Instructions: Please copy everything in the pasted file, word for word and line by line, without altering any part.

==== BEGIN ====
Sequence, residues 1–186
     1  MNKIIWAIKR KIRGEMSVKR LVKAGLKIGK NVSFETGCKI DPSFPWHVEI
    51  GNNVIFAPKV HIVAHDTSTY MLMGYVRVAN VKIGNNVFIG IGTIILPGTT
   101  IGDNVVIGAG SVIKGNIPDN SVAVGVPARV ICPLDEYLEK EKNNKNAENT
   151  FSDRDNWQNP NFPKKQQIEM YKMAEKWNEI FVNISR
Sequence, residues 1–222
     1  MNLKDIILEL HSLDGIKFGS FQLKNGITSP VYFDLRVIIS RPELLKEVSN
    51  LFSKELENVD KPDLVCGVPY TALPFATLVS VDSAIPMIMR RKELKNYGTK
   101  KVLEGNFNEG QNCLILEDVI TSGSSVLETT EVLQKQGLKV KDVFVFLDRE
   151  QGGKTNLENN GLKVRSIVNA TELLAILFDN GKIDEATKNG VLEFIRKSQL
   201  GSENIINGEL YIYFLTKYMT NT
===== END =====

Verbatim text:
Sequence, residues 1–186
     1  MNKIIWAIKR KIRGEMSVKR LVKAGLKIGK NVSFETGCKI DPSFPWHVEI
    51  GNNVIFAPKV HIVAHDTSTY MLMGYVRVAN VKIGNNVFIG IGTIILPGTT
   101  IGDNVVIGAG SVIKGNIPDN SVAVGVPARV ICPLDEYLEK EKNNKNAENT
   151  FSDRDNWQNP NFPKKQQIEM YKMAEKWNEI FVNISR
Sequence, residues 1–222
     1  MNLKDIILEL HSLDGIKFGS FQLKNGITSP VYFDLRVIIS RPELLKEVSN
    51  LFSKELENVD KPDLVCGVPY TALPFATLVS VDSAIPMIMR RKELKNYGTK
   101  KVLEGNFNEG QNCLILEDVI TSGSSVLETT EVLQKQGLKV KDVFVFLDRE
   151  QGGKTNLENN GLKVRSIVNA TELLAILFDN GKIDEATKNG VLEFIRKSQL
   201  GSENIINGEL YIYFLTKYMT NT